Millage, Taxes and Levies
General Finance Overview:
Approximately 70% of all Township revenue is derived from property tax. There are two types of property tax, inside millage and outside millage, which is also referred to as special purpose or district levies.
Unique to the township financial structure is the fact that only a township’s General Fund permits discretionary spending. All other township revenue funds must be expended for specific limited purposes.
Springfield Township has a total inside millage of 1.19 mills. This consists of .34 mills for the General Fund and .85 for the Road and Bridge Fund. These are the only two funds in the Township that are subject to annual increases and/or decreases in property valuations.
The majority of the Township’s revenue is derived from outside millage generated by the 10.11 mill and a 2.5 mill Police District Levies, an 8.5 mill and 1.5, 5 year mill Fire District Levies, and 1 mill Road District Levy. Outside millage is prohibited by state law to increase with annual property valuations for residential property so revenues remain nearly constant during the life of the levy because they are assessed against the value of property in the year the levy was passed. In other words, a levy passed in year one, generates nearly the same amount ten years later, because state law prohibits outside millage levies from being subjected to new reappraised values of property, which occur every three years. The result is the inevitable need to increase or replace millage with new levies every few years to keep pace with rising operational costs, which are subject to inflationary increases. Currently the Township is operating on two levies passed in 2001 (one each for Police and Fire), a 2012 Fire Levy, a 2009 Police Levy and a 1997 Road Levy.
The remaining Township revenues come from a variety of sources including: Joint Economic Development Districts and Zone (approximately 10% of total revenue), intergovernmental sources (approximately 8% of total revenue), permits and fees, grants, interest, and tax increment financing revenues.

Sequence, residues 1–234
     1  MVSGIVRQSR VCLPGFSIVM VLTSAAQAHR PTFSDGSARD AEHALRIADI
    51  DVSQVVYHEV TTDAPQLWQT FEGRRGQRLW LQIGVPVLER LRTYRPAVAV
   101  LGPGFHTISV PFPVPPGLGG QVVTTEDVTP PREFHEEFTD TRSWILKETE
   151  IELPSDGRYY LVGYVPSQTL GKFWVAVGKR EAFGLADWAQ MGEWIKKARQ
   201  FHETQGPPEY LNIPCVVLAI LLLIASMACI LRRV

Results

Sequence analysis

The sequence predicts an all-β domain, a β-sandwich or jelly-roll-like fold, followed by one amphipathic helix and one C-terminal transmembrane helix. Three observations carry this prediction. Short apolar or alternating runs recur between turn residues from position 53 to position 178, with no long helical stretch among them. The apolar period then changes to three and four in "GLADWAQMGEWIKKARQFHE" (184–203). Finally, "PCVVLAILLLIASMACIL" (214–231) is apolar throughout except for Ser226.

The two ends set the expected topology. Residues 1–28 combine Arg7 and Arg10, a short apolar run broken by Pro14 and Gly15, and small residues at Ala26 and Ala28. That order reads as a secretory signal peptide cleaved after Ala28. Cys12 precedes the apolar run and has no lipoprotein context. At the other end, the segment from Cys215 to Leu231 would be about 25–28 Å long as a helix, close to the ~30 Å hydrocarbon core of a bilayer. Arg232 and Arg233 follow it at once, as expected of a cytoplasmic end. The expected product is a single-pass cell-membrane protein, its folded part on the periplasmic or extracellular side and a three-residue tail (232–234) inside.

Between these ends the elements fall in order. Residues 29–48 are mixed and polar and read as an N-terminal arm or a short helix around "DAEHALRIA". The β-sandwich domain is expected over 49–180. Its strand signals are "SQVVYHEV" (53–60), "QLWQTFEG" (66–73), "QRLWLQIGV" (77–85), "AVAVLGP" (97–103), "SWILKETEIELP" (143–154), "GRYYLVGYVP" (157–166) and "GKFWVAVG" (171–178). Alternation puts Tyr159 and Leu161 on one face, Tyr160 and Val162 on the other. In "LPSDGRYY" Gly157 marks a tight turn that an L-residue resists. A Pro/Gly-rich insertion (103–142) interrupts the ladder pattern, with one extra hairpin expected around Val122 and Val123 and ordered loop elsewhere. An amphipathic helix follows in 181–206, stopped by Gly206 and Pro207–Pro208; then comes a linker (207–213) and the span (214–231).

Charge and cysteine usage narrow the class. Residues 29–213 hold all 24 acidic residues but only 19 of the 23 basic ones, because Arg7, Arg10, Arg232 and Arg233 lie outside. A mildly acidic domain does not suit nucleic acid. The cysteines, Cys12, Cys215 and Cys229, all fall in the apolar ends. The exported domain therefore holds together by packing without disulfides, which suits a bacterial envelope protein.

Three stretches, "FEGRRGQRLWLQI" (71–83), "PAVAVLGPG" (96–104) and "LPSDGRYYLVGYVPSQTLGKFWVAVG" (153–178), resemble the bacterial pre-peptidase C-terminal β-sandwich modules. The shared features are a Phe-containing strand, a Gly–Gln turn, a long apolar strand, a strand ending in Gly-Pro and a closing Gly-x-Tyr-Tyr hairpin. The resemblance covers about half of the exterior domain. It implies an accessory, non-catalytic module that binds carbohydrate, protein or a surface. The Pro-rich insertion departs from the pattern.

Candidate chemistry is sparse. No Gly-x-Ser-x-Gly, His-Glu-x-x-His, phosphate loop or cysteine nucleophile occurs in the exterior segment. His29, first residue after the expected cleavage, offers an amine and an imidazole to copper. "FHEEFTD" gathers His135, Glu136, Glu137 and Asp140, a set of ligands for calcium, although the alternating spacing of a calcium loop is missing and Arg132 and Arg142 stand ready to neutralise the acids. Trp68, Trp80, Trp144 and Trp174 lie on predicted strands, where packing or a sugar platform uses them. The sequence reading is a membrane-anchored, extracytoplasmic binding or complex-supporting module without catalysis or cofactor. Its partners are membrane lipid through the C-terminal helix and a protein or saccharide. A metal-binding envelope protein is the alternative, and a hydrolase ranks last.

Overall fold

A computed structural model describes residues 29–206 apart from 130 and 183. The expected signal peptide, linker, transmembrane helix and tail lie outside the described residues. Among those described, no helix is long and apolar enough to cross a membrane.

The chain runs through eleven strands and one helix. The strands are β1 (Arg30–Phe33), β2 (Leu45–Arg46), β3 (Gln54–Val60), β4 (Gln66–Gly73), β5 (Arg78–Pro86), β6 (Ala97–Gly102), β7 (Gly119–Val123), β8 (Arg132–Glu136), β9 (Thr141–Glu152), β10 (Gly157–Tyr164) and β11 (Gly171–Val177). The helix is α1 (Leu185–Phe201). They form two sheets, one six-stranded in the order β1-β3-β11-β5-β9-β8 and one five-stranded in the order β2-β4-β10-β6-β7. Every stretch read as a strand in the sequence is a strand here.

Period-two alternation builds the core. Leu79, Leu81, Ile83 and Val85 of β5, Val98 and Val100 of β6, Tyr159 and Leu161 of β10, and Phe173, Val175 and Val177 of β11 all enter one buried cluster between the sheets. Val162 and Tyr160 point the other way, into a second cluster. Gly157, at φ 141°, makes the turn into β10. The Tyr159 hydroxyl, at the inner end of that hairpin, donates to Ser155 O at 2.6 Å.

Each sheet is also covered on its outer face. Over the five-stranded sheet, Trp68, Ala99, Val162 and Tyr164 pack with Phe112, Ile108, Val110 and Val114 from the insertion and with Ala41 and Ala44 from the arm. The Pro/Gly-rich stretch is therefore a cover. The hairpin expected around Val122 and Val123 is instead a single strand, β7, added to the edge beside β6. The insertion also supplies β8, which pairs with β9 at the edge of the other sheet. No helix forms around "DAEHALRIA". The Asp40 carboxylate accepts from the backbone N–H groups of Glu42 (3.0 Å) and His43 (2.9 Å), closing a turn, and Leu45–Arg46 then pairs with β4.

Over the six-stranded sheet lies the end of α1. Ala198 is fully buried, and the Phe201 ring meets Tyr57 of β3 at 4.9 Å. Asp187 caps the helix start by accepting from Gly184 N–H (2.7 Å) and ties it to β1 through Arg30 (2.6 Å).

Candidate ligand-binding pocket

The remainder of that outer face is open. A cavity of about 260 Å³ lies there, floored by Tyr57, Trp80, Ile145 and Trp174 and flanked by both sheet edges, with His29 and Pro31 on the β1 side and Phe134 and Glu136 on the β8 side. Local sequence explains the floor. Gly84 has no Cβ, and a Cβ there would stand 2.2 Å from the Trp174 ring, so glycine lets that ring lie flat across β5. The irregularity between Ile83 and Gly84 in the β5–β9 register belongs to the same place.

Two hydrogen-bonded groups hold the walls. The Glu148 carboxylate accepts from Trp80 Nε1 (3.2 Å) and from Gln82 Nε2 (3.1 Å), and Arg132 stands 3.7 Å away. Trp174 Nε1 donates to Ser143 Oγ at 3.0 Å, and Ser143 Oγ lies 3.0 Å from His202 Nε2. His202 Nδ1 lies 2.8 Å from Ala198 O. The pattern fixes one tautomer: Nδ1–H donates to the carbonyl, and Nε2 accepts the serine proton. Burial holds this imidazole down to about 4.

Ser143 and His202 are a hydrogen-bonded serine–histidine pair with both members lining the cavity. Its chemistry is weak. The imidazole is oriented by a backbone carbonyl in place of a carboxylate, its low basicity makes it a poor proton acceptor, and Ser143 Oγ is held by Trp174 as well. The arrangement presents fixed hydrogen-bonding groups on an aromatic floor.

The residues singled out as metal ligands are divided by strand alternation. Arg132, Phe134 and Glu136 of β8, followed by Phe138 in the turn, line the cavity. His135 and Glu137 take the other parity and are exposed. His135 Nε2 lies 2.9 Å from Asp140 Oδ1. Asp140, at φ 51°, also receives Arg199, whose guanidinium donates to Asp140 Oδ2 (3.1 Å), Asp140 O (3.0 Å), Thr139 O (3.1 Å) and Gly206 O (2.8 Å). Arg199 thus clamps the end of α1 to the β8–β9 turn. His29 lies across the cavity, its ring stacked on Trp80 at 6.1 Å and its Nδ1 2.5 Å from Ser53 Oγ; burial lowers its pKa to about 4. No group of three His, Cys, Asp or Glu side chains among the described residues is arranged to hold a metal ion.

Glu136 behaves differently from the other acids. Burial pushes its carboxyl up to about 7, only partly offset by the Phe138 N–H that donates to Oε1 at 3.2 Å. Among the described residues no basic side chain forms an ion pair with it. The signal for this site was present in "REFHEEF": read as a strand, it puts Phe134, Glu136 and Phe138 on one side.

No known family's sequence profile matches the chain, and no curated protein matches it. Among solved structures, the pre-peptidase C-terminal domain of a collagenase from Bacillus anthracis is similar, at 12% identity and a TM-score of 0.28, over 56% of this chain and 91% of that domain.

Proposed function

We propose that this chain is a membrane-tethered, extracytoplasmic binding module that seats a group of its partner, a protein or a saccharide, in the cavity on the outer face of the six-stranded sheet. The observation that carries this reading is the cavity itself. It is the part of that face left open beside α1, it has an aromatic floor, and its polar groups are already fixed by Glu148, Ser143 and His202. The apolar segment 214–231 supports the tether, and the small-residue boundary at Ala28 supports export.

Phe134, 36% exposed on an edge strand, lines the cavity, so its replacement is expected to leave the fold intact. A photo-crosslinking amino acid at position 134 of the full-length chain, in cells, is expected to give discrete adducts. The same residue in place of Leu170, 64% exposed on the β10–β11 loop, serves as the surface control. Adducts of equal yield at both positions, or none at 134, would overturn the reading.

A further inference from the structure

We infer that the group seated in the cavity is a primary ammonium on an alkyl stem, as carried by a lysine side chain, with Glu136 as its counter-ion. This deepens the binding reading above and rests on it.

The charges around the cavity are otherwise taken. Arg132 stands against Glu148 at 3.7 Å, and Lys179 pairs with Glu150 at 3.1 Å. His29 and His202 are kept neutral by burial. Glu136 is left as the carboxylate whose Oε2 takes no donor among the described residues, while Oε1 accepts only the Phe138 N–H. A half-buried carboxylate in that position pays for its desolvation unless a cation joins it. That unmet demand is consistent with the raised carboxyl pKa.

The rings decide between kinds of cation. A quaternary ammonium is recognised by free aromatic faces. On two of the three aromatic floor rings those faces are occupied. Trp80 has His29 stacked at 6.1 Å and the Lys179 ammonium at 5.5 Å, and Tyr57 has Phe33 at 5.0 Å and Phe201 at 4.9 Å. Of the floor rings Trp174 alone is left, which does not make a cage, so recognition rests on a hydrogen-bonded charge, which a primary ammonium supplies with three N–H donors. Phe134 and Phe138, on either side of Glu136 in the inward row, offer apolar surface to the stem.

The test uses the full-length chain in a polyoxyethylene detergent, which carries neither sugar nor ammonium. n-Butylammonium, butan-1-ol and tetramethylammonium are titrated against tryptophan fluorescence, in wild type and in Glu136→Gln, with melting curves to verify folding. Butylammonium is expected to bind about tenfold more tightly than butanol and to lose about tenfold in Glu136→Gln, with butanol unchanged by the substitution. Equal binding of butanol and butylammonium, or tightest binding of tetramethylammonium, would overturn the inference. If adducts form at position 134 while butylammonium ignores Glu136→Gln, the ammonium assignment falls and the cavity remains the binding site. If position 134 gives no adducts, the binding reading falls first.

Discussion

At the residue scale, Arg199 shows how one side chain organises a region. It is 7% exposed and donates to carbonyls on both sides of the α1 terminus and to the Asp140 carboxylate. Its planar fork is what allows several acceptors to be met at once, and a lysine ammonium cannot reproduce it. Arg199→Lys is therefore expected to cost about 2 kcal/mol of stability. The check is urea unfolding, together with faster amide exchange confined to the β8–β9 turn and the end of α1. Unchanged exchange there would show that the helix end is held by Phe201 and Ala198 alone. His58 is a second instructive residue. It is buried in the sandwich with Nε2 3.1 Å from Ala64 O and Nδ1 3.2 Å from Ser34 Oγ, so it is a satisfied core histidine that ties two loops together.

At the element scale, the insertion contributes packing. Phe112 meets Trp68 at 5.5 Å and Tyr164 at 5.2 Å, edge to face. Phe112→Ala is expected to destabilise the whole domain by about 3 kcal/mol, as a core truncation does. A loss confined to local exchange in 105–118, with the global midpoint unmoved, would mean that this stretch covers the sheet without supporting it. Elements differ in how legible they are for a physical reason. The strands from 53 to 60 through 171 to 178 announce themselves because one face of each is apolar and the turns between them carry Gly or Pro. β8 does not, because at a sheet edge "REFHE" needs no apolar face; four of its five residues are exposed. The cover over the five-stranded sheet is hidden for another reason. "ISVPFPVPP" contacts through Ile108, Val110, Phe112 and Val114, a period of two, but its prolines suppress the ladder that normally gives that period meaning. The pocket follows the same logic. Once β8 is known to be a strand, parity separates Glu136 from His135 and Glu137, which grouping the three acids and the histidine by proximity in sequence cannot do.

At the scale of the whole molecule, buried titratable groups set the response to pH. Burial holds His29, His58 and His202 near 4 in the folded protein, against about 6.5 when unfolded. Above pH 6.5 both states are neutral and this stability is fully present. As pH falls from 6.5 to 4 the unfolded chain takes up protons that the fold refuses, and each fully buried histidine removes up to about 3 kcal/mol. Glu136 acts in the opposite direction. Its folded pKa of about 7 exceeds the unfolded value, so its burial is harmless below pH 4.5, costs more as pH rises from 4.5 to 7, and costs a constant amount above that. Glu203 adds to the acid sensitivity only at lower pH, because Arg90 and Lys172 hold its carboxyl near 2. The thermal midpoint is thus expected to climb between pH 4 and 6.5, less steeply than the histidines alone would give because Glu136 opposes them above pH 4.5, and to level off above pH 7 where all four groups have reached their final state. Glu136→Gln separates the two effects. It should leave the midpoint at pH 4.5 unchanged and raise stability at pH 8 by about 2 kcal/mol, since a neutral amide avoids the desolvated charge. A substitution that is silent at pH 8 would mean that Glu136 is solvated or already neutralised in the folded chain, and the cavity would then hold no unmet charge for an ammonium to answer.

The Board of Trustees cannot raise taxes. When the Board of Trustees determines that additional revenues are necessary to maintain or increase current service levies, it can decide to place the issue before the voters. A majority vote of the electorate is required to pass the issue.
How levies can affect your taxes: Levies allow voters to choose to raise the money to support the services they demand as residents.
Understanding Levies, Millage and Taxes
Let's take a brief look at how levies operate. First, let's define the basic terms:
Mill: A unit of measure, 1/1,000 milligram, milliliter, millimeter, etc. When talking about taxes, a mill is $1.00 in taxes for every $1,000 of assessed value.
Assessed Value: In Ohio, the assessed value of real estate is 35% of the property's current appraised value by the County Auditor.
How is appraised value determined?
The County Auditor uses real estate sales in the county, specific property characteristics, and statistical analysis to arrive at the appraised value for every property in the county. The appraised value is determined as of January 1st of the year of the assessment.
What happens when a tax levy is passed by the voters?
Every levy ballot must contain language showing the year the levy commences (begins). For example, "...commencing tax year 2001"; taxpayers within the district where the levy's been approved will begin paying what they owe on the tax levy in the year of collection. The amount of millage they will pay ($1.00/$1,000 of assessed value of their real estate's value) is based on the amount of money the levy must collect.
Inside millage is limited by law to 10 mills for any taxing district. Because they are inside mills, these 10 mills can be collected as a levy without being voted on by the people in the taxing district.
Outside millage is all other millage requested that is over the 10-mill limit. Outside mills must be voted upon and approved by the majority of the voters in the taxing district where the tax will be levied. Because of H.B. 920 (passed in 1976), there is a cap on the amount of money a levy can collect. That means a levy can collect no more in the future than it collects during the first year it's enacted.
What is a replacement levy?
A replacement levy allows the taxing district to begin a new tax levy that will collect the entire amount of outside millage the levy requests using calculations based on the current market values of properties.
What is a renewal levy?
A renewal levy allows the taxing district to keep a current levy on the books and collect the same amount of money as when the original levy was voted in.